Wisconsin Senate uses ploy to advance controversial union bill

Surprising their opponents, and everyone else, with a procedural manuever, Republicans in the Wisconsin state Senate passed a controversial bill Wednesday night that curtails public employees' ability to collectively bargain with the state government.

The bill — which has received national attention for nearly a month — was passed without Democrats being present, as the Republicans found a procedural method for bringing it to the floor. The bill now returns to the state assembly, where it is expected to pass.

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Republicans passed the bill 18-1, according to the Milwaukee Journal-Sentinel. The 14 Democrats in the state senate had prevented the bill from being taken up for weeks by fleeing to Illinois.

"The Senate Democrats have had three weeks to debate this bill and were offered repeated opportunities to come home, which they refused," new GOP Gov. Scott Walker said in a statement. "In order to move the state forward, I applaud the Legislature's action today to stand up to the status quo and take a step in the right direction to balance the budget and reform government."

In its original form, a quorum of 20 senators needed to be present to bring up the bill, because it was attached to fiscal legislation. But a legislative committee removed from the collective bargaining measure from the rest of the legislation. Not being a fiscal measure,  the collective bargaining bill did not need 20 senators present to come to the floor.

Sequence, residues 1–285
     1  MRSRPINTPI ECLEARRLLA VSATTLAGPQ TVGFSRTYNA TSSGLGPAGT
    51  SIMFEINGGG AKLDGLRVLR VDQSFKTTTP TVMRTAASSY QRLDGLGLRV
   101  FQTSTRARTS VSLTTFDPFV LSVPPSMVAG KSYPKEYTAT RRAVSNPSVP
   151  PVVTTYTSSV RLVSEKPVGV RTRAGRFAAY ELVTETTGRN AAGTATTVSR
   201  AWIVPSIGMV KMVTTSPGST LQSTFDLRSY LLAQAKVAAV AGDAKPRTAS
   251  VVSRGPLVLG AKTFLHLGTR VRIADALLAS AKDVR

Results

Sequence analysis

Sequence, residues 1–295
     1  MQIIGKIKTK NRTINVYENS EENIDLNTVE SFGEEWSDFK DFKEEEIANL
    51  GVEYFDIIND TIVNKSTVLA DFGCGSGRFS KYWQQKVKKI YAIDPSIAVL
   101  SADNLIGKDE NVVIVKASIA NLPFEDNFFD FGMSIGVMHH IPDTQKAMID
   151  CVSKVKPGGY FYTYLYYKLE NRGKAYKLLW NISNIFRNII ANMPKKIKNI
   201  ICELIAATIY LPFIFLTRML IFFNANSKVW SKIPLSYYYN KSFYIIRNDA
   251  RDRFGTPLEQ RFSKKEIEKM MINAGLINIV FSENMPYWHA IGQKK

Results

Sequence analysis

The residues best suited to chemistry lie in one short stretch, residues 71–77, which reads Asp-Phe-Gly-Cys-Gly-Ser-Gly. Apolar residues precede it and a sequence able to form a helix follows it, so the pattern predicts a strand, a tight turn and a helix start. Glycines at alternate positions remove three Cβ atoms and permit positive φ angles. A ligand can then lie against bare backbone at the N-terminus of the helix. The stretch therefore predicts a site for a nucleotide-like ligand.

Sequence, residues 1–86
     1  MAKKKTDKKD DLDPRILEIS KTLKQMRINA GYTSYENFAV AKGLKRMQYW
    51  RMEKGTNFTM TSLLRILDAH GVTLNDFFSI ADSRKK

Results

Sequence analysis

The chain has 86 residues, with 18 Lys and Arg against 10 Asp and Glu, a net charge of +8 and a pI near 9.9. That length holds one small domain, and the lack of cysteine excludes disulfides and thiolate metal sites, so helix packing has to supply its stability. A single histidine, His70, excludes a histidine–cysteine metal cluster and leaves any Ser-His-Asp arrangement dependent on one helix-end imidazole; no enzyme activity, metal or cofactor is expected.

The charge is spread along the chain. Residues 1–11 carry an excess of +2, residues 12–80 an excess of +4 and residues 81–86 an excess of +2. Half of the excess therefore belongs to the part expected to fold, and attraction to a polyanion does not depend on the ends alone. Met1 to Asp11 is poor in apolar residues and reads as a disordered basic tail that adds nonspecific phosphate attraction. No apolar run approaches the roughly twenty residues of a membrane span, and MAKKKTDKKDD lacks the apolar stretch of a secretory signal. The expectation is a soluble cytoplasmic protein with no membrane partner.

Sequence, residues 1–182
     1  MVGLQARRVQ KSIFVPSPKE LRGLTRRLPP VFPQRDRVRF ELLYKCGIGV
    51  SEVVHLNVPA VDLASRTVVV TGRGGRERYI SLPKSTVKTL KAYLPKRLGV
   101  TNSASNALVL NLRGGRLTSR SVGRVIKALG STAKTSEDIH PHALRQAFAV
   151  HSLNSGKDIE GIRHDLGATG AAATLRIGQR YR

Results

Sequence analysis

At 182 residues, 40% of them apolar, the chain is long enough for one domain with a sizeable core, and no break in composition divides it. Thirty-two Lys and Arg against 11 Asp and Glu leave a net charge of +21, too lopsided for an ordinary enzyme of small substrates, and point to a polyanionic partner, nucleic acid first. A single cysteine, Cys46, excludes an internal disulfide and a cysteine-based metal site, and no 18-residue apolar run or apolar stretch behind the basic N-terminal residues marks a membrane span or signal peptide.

The state assembly passed the comprehensive bill, and is expected to approve the union-only provision.

The vote is an apparent victory for Walker, who had been stymied on the bill while taking salvos from waves of pro-union protesters and national Democrats, who criticized the bill as unfair to the working class.

The Wisconsin struggle has become a symbol of the national debate over federal debts and deficits. President Obama has called the proposal an "assault" on unions while leading Republicans have lauded the plan as a bold move to rein in government costs. 

Thousands of protesters barged into the state capitol building in response to the move and Democratic groups accused Republicans of violating a Wisconsin law that requires some public organizations announce a meeting 24 hours in advance.

"Senate Republicans have exercised the nuclear option to ram through their bill attacking Wisconsin’s working families in the dark of night," said the Wisconsin AFL-CIO in a statement. "Walker and the Republicans acted in violation of state open meetings laws, and tonight’s events have demonstrated they will do or say anything to pass their extreme agenda that attacks Wisconsin’s working families."

One Democrat from the state senate, told The Journal-Sentinel on Wednesday that Republicans will pay for passing the bill without members of his party.

"Right now, I'm trying to figure out what the hell they're going to do," Chris Larson said in an interview. "I'm not going to be the 20th vote. This is on the Republicans' heads right now. If they decide to kill the middle class, it's on them.

"Everyone who is party to this travesty is writing their political obituary," he added.

-- This post was updated on 3/10/2011 at 8:09 a.m.